High vaccination coverage key against expected increase of measles cases in the EU/EEA

News story

Measles cases are expected to continue increasing in the EU/EEA in the coming months due to sub-optimal vaccination coverage for measles-containing vaccines (MCV) in a number of EU/EEA countries, the high probability of importation from areas experiencing high circulation and the fact that the coming months represent the seasonal peak of the virus.

The evaluation is included in a recent ECDC assessment: Measles on the rise in the EU/EEA: Considerations for public health response

ECDC data shows that in January and early February 2024, the number of EU/EEA countries reporting measles cases has increased. At least seven deaths have been reported from two countries.

Andrea Ammon, ECDC Director said:

“Nobody should die from measles. The increase in cases of measles, a highly contagious, but vaccine-preventable disease, is a stark reminder that all Member States should maximise efforts to achieve and maintain high vaccination coverage for all vaccine-preventable diseases. Vaccines are a safe and effective way to reduce the health burden of infectious diseases and avoid unnecessary loss of life.” 

Measles poses a threat to individuals of all age groups, which highlights the importance of maintaining high vaccination coverage across the entire population. The highest potential impact of measles, due to the high morbidity following infection, is for infants too young to be immunised (usually those under the age of 12 months, depending on national schedules). Unvaccinated children under five years old are also at increased risk, as measles can have several complications in this age group. Additionally, other groups such as the immunocompromised are at risk of severe outcomes from measles.   

Commissioner for Health and Food Safety, Stella Kyriakides added:

 “The rising trend in measles cases across Europe is worrying. This is an extremely contagious disease which can cause serious complications, particularly for children and vulnerable persons. The good news is that it is a disease which is preventable through vaccination and that there are plenty of safe and effective vaccines available in the EU. When we see measles outbreaks, we know there is a gap in vaccinations. I urge everyone to check their vaccination status and parents to make sure their children and young person’s vaccines are up to date. Vaccination protects and saves lives, it is one of our strongest tools against measles and many other infectious diseases.”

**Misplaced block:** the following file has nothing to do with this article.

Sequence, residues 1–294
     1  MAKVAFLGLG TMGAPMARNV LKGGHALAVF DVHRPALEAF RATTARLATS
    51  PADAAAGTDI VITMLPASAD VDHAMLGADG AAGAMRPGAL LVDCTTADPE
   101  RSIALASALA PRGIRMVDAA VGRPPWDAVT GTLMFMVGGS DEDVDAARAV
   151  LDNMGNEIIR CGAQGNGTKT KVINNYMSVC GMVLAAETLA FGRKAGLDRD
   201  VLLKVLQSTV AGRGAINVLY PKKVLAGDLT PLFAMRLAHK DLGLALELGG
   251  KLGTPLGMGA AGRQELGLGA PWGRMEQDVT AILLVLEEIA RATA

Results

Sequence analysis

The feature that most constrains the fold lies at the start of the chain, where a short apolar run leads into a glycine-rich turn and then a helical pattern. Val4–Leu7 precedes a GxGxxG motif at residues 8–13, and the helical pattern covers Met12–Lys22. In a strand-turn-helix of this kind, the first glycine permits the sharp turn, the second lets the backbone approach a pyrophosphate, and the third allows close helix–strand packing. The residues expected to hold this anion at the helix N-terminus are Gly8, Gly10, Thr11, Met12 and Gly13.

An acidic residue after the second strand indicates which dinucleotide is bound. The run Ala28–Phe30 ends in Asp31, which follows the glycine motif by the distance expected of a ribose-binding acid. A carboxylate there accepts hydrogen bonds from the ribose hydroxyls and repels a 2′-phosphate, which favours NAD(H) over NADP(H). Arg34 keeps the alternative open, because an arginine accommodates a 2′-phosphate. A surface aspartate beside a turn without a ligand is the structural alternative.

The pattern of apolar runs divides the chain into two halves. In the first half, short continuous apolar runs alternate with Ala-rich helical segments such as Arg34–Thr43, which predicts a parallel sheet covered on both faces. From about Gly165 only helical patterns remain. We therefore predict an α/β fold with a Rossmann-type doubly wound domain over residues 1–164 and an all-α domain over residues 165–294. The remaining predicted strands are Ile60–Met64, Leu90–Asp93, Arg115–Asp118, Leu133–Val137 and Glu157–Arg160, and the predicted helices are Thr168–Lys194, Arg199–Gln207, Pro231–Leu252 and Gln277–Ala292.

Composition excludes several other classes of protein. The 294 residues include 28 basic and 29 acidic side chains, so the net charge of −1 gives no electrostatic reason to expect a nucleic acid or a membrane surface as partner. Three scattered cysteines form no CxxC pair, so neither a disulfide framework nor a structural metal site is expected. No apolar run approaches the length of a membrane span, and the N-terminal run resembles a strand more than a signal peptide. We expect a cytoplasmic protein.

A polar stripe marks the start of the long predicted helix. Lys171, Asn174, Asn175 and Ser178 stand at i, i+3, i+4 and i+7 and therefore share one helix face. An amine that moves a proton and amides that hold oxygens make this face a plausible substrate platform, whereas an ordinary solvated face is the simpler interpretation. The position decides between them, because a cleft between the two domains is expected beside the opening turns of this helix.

Measles spreads very easily, therefore, high vaccination coverage, of 95% or higher of the population vaccinated with two doses of the vaccine, is essential to interrupt transmission in a country or community. 

Efforts should be therefore intensified to identify and reach unvaccinated or partially vaccinated populations. Equity in access to immunisation should be ensured, especially for vulnerable populations like migrants, ethnic minorities, and those who live in crowded settings e.g. refugee camps.

High-quality surveillance systems are essential for early detection, response, and control of local measles outbreaks. In addition, enhanced laboratory diagnostic capacity facilitates to track virus genotypes and identify transmission chains.

Raising awareness on the measles situation among health professionals across various specialties is important,   to ensure timely diagnosis, especially in older children and adults.

Efforts should be also made to identify the reasons for low vaccine uptake in communities and implement tailored interventions. These include risk communication and community-based initiatives, including towards underserved population groups.

ECDC remains committed to collaborate with EU/EEA countries and international partners to assist countries in increasing vaccination coverage and protect public health.